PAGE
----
If accepted, the organization of the EU military operation would be a first in the fight against illegal immigration but, of course, its implementation would take time. But in order to do destroy boats in Libya, a legal mandate is required from the UN. The ground action possibility for the Atalanta naval force in Somalia was almost never used because of its difficulty. EU leaders also need to think about measures to intervene during the crossing of migrant boats. And this would probably require giving more money to Frontex, the EU’s border control agency. However, the destruction of ships used by migrants already takes place at sea.

There are three main reasons for this:

First, abandoned vessels are a hazard to navigation, especially at night, when, because of their size and lack of lighting, they cannot be seen, even in good weather. Second, a ship lost at sea can be seen from an airplane and it is not always clear if anyone is onboard. To maintain the high quality of emergency rescue at sea, it is necessary to destroy those boats immediately after all migrants have been evacuated.Third, abandoning a vessel could lead to the risk of it being used once again by a new team of traffickers.

For example, German Chancellor Angela Merkel has officially confirmed on the 19th May during a joint press conference with President Hollande, that, since the beginning of sea rescue operations where the German navy was involved, “five inflatable boats and a wooden boat were sunk”.

The High Representative of the European Union for Foreign Affairs and Security Policy, Federica Mogherini, declared: “the fundamental point is not so much the destruction of the vessels but it is the destruction of the business model of the traffickers. If you look at business model of the traffickers and the flows of money involved in trafficking, it may be that that money is financing terrorist activities.” Stressing the same point, NATO Secretary-General Jens Stoltenberg said: “one of the problems is that there might be foreign fighters, there might be terrorists, also trying to hide, to blend in on the smugglings vessels trying to cross over into Europe.”

Know your enemy!

On 18th May, Ministers of Foreign Affairs and Defence of the 27 Member States of the EU (Denmark opted out of the common defence agreement after the Danish ‘no’ vote at the Maastricht referendum in June 1992) gave their “green light” to EUNAVFOR Med. Since the United Nations did not take any resolution yet, the operation should start with a first phase: the exchange of information and intelligence. This is fundamental, since, without an accurate tracking of information concerning different traffickers, different means employed, etc., it would be almost impossible to fight this traffic. This means air observation (maritime surveillance aircraft, UAVs, helicopters …) and imaging (radars, satellites, etc.).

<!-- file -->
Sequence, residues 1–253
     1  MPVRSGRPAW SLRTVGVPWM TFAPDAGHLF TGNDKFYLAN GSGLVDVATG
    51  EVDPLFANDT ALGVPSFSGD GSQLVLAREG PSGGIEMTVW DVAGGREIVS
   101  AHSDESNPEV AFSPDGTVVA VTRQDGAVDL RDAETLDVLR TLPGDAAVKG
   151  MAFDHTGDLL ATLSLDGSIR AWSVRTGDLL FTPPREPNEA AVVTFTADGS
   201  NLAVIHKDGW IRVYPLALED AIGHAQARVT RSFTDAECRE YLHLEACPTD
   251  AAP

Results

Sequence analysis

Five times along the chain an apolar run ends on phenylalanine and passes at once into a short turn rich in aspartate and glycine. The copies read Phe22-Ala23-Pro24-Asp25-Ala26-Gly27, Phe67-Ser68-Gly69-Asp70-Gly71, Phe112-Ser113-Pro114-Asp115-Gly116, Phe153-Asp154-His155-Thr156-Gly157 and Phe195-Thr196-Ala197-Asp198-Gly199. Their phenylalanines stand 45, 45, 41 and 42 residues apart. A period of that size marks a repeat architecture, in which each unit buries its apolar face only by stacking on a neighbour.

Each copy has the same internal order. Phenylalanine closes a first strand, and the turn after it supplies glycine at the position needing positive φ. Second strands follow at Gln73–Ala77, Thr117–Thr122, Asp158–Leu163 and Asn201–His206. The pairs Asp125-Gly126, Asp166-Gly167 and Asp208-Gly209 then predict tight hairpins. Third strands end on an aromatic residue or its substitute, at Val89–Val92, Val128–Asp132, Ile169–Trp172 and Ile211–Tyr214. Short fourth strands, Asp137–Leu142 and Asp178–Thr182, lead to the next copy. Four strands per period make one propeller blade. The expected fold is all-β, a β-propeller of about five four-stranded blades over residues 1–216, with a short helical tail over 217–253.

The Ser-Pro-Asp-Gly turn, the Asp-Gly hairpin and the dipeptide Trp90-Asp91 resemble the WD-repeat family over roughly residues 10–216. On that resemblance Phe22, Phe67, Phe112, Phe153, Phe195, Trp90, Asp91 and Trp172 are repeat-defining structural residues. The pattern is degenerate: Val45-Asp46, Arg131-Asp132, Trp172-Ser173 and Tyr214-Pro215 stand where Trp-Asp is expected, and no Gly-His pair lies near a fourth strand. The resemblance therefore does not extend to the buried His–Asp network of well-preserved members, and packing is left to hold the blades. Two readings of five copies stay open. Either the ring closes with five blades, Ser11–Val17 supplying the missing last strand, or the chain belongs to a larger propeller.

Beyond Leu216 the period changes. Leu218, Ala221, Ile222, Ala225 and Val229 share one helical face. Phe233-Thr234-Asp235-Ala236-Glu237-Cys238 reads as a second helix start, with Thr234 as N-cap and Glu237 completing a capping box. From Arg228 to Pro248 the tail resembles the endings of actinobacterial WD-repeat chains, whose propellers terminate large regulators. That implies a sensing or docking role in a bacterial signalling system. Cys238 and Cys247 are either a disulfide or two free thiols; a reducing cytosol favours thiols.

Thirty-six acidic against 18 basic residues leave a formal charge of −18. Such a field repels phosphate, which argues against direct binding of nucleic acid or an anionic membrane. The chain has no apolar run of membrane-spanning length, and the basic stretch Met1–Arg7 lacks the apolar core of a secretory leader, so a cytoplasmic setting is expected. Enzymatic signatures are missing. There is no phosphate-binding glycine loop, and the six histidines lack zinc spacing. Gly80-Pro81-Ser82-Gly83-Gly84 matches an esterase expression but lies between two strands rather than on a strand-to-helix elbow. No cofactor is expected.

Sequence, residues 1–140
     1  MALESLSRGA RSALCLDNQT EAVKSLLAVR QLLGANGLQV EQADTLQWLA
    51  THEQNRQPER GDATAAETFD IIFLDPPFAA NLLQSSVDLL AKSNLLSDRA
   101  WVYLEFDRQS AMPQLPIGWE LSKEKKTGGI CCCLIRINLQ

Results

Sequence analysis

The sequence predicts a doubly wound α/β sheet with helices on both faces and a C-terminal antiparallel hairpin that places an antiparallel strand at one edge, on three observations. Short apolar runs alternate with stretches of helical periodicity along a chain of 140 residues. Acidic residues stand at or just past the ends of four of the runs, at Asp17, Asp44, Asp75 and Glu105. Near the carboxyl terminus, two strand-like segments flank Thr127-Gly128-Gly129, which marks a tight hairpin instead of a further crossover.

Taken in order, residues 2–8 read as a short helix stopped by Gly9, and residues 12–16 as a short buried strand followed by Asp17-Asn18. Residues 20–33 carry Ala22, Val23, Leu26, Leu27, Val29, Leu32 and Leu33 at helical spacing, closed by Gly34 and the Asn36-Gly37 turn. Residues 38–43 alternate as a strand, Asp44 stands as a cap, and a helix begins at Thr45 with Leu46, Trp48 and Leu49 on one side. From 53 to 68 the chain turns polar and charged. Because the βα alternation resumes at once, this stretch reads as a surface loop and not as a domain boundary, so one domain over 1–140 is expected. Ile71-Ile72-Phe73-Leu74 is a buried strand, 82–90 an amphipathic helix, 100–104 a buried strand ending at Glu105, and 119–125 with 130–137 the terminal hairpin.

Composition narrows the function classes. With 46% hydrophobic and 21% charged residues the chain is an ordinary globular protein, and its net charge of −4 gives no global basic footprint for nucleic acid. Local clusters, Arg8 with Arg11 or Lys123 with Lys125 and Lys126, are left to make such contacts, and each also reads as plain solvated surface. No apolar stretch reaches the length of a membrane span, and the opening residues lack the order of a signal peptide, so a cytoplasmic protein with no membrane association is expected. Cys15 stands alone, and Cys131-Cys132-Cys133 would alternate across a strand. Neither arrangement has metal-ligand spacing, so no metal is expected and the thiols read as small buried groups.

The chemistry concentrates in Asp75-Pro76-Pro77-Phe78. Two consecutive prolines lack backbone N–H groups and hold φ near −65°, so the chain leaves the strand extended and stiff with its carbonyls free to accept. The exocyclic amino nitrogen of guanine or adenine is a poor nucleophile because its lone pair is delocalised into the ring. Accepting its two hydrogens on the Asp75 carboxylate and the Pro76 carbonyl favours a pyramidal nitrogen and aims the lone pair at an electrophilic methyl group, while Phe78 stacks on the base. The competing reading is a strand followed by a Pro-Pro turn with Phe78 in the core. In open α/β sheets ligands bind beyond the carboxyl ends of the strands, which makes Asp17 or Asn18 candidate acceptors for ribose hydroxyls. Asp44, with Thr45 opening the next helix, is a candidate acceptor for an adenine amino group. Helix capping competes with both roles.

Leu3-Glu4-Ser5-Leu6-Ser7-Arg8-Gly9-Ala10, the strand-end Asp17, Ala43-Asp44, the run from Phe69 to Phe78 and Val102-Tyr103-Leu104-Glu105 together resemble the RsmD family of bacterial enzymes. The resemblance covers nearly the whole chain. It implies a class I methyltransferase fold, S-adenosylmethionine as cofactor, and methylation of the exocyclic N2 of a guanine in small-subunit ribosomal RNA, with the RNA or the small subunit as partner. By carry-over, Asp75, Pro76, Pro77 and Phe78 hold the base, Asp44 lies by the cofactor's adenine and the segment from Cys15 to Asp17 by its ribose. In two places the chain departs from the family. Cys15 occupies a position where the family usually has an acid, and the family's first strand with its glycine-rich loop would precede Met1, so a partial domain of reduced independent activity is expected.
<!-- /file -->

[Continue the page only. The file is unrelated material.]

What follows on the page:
Furthermore, if the goal is to neutralize these networks and to bring the perpetrators to justice, it is necessary, indeed, to have specific evidence against them. Laws also need to be updated to arrest traffickers on the high seas.

It will not be too difficult to organize action in the Libyan waters since most of the interested navies such as Greece, Italy, France, Spain etc. are already almost positioned in the international waters near Libya. The Mediterranean is really a “mare nostrum”. All European marine meet there to participate in combined manoeuvres (within NATO in general) or to visit the Indian Ocean – to participate in the anti-piracy operation in the operation of allies in Iraq, etc. – So, the cost for the navies to act through EUNAVFOR Med is reduced.

The General Operations Quarter installed in Rome, is already operational as it is currently used for Triton operation conducted under the aegis of Frontex (the European border control agency). Its military commander is Credendino Enrico, an Italian admiral. After this first phase centred on intelligence gathering and surveillance of smuggling routes leading from Libya to southern Italy and Malta, EU ships would start chasing and boarding the smugglers’ boats in a second phase. Summer is the high season for trafficking; this is why it is necessary to act quickly.

A dramatic situation but where is solidarity?

Despite the show of unity on the military action, the EU appears increasingly divided on the question of mandatory numbers of asylum seekers which should be accepted by member states, according to population size, wealth, and the number of migrants already hostel, as proposed by the European Commission on 13th May.